Tuesday Anything Possible – #RRBC Spotlight Author Tour with Mark Aberdeen

I am pleased to Welcome Mark Aberdeen the current Spotlight Author for Rave Reviews Book Club. He is on tour, and I am fortunate to have him stop by my place. If you would like to follow his tour you can go HERE to check the other stops. So Mark with no more delay tell us about your writing process.

Bio Picture - Mark A

 

Mark’s Writing Process – Patent Pending

By Mark Aberdeen

 

Writing isn’t my full-time job. In my day job I manage a bunch of engineers for a telecommunication’s company and it blocks off a good portion of my week. I also have a wife, house, three dogs, obligations and a honey-do list with a never-ending list of home repairs that need to be done. When I come up with a story idea, it can be very annoying. First, my characters don’t know how to shut up and go away. They nag me until I write it down. Let’s be clear, I’m not literally hearing voices, but there are stories that need to be told, and I’m the appointed one to tell them. It’s a responsibility I take very seriously and one I don’t take on lightly. It’s an obligation.

 

I know once I settle down to write, I have a difficult time stopping. My wife becomes temporarily widowed, my dogs bark at me as if I were a stranger entering our home, I stop for bathroom and coffee breaks, I’ve slept with my face in my keyboard, I’ve had to delete a thousand pages of the letter E, I emerge from my office, not unlike a groundhog on February 2nd jumping at shadows and clutching a manuscript in grubby, coffee-stained fist, desperate for a shower, human contact, vitamin D production from sunlight and new eyeglass prescription. My creative process takes no prisoners. I use the rest of the year to recover from it and convince my wife not to spend the insurance money. My process isn’t for everyone, but the point of it is a writer can’t write without doing the work. Some talk about writing, or think about writing, or contemplate writing; they have terrific ideas, but there’s no substitute for putting words to paper, or pixels to screens, or whatever the kids are doing these days. A writer writes…patent pending.

 

Knight&DexEbook

Knight and Dex

Excerpt

 

Snow settled over New London and covered the alley with a chilly blanket, which normally gave me a moment’s pause to reflect. I might have thought about tranquility, but there was nothing tranquil in the roundhouse kick I took to the face. Steam rose from crimson splatter as my blood hit the freshly fallen snow.

Minx’s claws flashed. I jumped back and narrowly avoided being torn open at the belly.

It was difficult to wax poetic while someone was doing their best to kill me.

Welcome to my life.

I swung my left fist. My intention wasn’t to connect with Minx’s jaw but to buy a precious second. The parry worked well enough and gave me the moment I needed to draw the pulse pistol from under my coat. I bellowed a triumphant, “Ha!”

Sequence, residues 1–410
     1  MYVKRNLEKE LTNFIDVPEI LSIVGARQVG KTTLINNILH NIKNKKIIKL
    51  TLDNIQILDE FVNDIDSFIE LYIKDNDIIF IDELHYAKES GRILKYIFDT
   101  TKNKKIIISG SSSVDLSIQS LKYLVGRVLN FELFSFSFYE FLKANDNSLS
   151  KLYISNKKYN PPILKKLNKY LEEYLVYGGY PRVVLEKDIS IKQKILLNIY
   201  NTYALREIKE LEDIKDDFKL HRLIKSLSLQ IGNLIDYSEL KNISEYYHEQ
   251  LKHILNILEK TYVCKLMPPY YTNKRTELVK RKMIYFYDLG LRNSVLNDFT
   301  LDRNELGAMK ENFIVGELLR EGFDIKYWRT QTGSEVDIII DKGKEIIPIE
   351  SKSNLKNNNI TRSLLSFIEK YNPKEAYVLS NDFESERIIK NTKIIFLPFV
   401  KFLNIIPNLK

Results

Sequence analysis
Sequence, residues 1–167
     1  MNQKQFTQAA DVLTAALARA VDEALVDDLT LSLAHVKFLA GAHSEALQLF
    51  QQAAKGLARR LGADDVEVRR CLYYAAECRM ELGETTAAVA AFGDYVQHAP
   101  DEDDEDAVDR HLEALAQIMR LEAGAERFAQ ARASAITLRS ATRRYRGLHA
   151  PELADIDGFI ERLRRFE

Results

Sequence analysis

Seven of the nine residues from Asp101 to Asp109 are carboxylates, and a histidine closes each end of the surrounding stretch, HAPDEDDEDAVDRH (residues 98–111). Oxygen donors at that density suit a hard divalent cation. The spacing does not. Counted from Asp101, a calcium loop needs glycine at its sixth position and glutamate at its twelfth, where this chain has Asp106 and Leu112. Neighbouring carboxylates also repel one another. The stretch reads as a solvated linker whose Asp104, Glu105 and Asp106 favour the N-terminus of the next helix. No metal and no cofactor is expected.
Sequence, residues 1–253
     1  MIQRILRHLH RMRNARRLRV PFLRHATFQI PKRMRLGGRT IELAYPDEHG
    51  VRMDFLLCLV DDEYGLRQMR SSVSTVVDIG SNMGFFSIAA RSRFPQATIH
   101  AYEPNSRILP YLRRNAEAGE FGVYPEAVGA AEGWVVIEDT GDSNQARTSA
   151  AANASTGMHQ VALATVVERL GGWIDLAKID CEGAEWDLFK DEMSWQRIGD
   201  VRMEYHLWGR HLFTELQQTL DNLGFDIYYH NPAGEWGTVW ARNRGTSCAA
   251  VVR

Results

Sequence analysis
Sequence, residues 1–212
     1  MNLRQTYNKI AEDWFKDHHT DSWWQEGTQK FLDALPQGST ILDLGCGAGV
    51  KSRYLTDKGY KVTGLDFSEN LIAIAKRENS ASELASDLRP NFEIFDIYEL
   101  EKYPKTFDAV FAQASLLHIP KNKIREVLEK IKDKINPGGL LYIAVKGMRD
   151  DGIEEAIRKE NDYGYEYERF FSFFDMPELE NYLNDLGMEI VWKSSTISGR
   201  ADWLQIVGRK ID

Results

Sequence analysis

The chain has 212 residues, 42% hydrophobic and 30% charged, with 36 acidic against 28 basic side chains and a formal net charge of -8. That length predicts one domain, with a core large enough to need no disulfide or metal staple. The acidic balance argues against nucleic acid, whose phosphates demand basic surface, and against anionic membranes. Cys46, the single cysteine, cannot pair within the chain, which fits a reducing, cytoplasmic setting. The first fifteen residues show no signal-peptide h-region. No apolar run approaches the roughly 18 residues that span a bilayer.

My moment of glory was short-lived. Another kick connected with my right hand. The blow jarred the weapon loose, and it sailed into a snow bank. Powdery snow swallowed it whole. The thing about being unarmed, it felt a bit like being naked in a crowd. No way to cover my ass.

I gripped my stinging hand. “Shit.”

A powerful arm, furry and itchy and stiff as a crowbar, hooked me around the neck. Minx had gotten behind me, and the momentum of her attack tore my feet from the ground. I cartwheeled, forcing her to detach and spring back, but I landed face-down in a heap. The snow with all its apparent fluffiness did nothing to cushion my fall. The impact rattled my bones and lights danced across my vision, swirling in loopy rings.

All I needed was another concussion.

Strong hands grabbed me by the collar and belt. My stomach lurched as I was torn from the relative comfort of the ground and flipped onto my back like a flapjack. Minx pounced on top of me and pinned my arms to my sides with her powerful thighs. Normally, I approved of such positions, but she wasn’t Pink Panther, and this wasn’t foreplay. I feared she would crunch me like a walnut in a nutcracker. I gasped for precious air.

To any observer, it would appear as if I were unprepared for this fight. That observer would have been correct. I’d seen her running down the sidewalk and duck into this alley. She was up to something, and I’d interrupted her. Evidence suggested it was something she didn’t want the cops to know about. While my intent was to have a friendly chat with her, she’d decided to take our exchange in a different direction.

Minx had a reputation in underworld circles as an effective messenger. Our not-so-cozy encounter fell within the realm of her typical delivery method. While I didn’t feel like she took sadistic glee in her work, I thought she took pride in a job well done. I, on the other hand, found the work environment hostile, and already I was drawing up a complaint to her HR department.

Purchase Mark Aberdeen’s Dex Series here:

Dex Territory (Dex Territory Series Book 1)

TWB Press: http://www.twbpress.com/dexterritory.html

Amazon Link: http://amzn.com/B00R1JZVIE

Barnes and Noble: http://www.barnesandnoble.com/w/dex-territory-mark-aberdeen/1120906076?ean=9781936991860

Kobo: https://store.kobobooks.com/en-us/ebook/dex-territory

Follow Mark Aberdeen

Website: http://www.markaberdeen.blogspot.com/

Amazon Author Page: http://www.amazon.com/Mark-Aberdeen

Twitter handle: @Mark_Aberdeen